None of them were actually helpful, though.
I hear you. It’s hard to find the right one. It’s a matter of relationships and learning to trust each other… sometimes it doesn’t match and that’s okay. I’m glad you kept looking for a therapist with whom you’d feel comfortable. And I’m really glad to hear about your current therapist.
Though, it’s okay to take your time to trust him. For what it’s worth, I’ve been where you are now. It’s hard for me to trust others /w myself - even professionals. So if it’s about discussing painful or intimate things? No way. But there’s a reason behind this: it’s just how I learned to manage pain and sadness for as long as I can remember. I didn’t have a safe environment around me to actually share that kind of thing, for too many years. I was used to bottle up, cry in silence or when no one sees it. Just like you who’s used to put others first. So when I had to be in front of a therapist and respond to this question: “why are you on therapy?”. Wow. I’ve been repeatedly silent and very anxious, like my brain couldn’t function anymore.
You know that already, but the main purpose of a therapy is actually this. To provide you a safe and healthy environment where you can get things off your chest without any judgment and despite your fears. You can see it as a place where you can try, eventually fail or succeed, then try again. It’s okay not to know how to really talk to them yet. Take your time.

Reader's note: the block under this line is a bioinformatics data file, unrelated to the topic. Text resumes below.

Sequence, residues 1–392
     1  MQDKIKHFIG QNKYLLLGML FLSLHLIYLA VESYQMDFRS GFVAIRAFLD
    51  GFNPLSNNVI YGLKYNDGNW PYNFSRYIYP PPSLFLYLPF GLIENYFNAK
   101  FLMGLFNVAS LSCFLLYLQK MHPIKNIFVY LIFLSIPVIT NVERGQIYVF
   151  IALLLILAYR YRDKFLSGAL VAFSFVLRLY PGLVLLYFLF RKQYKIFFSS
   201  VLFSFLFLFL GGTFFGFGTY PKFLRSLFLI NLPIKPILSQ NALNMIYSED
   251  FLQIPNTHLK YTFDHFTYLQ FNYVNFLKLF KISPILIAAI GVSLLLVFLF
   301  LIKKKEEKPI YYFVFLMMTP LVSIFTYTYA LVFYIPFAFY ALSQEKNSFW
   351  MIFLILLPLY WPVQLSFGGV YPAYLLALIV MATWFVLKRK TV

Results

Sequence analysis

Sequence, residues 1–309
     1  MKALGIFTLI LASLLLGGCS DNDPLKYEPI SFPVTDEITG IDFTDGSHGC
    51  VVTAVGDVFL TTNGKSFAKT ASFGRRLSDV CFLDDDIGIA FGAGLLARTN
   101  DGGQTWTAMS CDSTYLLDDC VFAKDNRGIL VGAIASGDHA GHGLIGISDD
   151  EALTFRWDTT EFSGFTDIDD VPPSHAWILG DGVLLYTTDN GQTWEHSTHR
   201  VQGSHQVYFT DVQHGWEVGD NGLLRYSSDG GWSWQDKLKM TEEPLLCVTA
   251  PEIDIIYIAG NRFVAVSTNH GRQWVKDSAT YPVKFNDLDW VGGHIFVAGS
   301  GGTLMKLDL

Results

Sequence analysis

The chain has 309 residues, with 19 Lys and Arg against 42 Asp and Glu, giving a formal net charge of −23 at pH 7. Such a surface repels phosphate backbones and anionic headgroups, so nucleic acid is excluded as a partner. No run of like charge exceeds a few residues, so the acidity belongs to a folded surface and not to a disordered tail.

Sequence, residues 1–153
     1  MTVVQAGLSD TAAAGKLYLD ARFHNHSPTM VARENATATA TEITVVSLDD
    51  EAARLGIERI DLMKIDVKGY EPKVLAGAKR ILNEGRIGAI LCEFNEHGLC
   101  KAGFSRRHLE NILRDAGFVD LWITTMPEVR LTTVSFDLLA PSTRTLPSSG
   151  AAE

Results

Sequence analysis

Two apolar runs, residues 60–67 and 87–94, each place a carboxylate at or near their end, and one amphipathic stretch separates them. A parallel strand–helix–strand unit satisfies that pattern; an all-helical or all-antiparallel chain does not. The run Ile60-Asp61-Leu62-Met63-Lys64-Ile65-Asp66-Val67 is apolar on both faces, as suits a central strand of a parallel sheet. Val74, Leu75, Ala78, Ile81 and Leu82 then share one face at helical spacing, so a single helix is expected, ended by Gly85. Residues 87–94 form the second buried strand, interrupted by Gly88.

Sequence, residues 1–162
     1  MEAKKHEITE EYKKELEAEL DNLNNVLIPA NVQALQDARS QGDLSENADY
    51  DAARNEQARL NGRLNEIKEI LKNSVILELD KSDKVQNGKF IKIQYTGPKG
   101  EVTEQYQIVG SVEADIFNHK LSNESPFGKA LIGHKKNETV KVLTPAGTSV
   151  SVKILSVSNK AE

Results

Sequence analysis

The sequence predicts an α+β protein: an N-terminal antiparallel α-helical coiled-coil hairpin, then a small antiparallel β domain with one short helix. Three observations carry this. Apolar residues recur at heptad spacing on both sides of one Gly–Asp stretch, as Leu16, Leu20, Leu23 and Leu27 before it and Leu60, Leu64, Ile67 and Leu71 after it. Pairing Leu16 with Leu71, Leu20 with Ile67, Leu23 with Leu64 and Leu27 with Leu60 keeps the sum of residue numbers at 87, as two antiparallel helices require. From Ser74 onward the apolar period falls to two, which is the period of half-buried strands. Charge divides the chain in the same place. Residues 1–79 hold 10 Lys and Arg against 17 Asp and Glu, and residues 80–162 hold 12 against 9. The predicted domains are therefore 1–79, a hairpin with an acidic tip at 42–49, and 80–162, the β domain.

Maybe something that could help is to share about this struggle, if you didn’t yet. To say, directly: “I don’t know how to express myself with you/I have no clue/I’m lost”, so he can try to help you for that. He can’t guess what’s preventing you to discuss unless you let him know. You can give him some clues for a better mutual understanding, so he can try to progress with you. If you are more comfortable with writing, maybe it can be something you could use as well. Writing him a note, a letter, or even a drawing. Something that could help you to communicate in a more comfortable way.
Every time I get asked, why I am in therapy by my therapists, I don’t have an answer. I just don’t know.
The reason why they ask this is to be able to progress in an effective way with you, also to have kind of small goals. It’s also a way to let you guide them because you have all the resources you need in yourself already, and their role is to be a facilitator in your life. But it’s okay if you don’t know how to respond at first. You don’t need to have all the answers. I think a lot of people who decide to go on therapy are lost when they start to go there. Just because we’re more likely to make this decision of reaching out when we’re really down and overwhelmed. In other words, when we need some clarity. So we’re actually seeking answers but don’t really know how and what. Therapists are used to that. It’s okay.
It’s also an interesting question to keep in mind for you everytime you see him. Maybe you don’t know why you’re on therapy, but you can always decide: okay, this session, I want us to work on this thing precisely. It’s a first step.